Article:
Using paired serology and surveillance data to quantify dengue transmission and control during a large outbreak in Fiji
Kucharski AJ., Kama M., Watson CH., Aubry M., Funk S., Henderson AD., Brady OJ., Vanhomwegen J., Manuguerra J-C., Lau CL., Edmunds WJ., Aaskov J., Nilles EJ., Cao-Lormeau V-M., Hué S., Hibberd ML.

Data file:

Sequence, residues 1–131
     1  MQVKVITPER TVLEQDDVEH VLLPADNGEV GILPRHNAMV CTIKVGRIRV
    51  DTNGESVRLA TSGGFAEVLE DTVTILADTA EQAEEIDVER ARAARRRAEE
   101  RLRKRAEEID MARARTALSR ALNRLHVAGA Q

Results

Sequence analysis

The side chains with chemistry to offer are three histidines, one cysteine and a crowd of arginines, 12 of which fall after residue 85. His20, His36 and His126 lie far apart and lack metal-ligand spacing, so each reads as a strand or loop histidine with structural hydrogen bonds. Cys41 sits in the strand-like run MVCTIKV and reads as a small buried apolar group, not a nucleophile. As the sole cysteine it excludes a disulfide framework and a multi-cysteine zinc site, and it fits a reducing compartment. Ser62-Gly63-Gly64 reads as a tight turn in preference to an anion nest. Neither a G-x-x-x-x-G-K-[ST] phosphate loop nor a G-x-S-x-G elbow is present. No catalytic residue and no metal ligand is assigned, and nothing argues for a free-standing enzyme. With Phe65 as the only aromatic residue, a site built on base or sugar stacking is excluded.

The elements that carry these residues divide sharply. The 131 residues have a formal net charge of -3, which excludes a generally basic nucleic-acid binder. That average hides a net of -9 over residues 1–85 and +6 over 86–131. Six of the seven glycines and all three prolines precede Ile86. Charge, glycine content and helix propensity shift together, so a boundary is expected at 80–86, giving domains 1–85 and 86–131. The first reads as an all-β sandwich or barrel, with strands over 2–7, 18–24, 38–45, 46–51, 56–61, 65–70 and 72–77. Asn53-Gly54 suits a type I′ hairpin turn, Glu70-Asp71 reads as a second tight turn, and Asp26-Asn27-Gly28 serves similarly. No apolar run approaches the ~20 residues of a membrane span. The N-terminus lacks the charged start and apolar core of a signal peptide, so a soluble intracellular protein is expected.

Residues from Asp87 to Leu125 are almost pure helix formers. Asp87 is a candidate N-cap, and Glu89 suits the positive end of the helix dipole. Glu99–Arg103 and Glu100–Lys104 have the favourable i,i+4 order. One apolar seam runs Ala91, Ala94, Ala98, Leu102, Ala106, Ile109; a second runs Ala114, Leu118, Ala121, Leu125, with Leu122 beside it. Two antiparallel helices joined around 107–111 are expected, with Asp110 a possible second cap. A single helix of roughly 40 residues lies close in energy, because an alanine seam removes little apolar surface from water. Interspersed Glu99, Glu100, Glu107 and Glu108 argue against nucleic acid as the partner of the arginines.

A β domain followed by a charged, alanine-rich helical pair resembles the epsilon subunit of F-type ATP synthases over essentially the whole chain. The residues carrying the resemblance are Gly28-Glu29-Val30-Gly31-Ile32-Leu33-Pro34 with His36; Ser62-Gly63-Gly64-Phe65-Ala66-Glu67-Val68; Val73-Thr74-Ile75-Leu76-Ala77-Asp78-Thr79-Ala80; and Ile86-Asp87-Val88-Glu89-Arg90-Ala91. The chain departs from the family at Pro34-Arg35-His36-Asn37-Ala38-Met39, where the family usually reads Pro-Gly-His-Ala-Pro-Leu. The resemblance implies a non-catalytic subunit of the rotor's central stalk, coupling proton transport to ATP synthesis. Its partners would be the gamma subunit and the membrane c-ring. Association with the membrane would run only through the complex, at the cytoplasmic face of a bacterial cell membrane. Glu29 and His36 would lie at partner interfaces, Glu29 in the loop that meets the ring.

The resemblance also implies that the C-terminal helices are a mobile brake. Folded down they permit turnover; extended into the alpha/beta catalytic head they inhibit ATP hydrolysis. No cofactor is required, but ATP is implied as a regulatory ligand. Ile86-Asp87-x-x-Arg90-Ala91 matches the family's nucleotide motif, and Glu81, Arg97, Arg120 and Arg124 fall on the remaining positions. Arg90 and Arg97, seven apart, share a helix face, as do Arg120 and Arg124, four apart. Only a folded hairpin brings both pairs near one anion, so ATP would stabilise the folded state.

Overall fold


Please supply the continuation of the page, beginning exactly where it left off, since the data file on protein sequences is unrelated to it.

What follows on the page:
Dengue is a major health burden, but it can be challenging to examine transmission and evaluate control measures because outbreaks depend on multiple factors, including human population structure, prior immunity and climate. We combined population-representative paired sera collected before and after the 2013/14 dengue-3 outbreak in Fiji with surveillance data to determine how such factors influence transmission and control in island settings. Our results suggested the 10–19 year-old age group had the highest risk of infection, but we did not find strong evidence that other demographic or environmental risk factors were linked to seroconversion. A mathematical model jointly fitted to surveillance and serological data suggested that herd immunity and seasonally varying transmission could not explain observed dynamics. However, the model showed evidence of an additional reduction in transmission coinciding with a vector clean-up campaign, which may have contributed to the decline in cases in the later stages of the outbreak.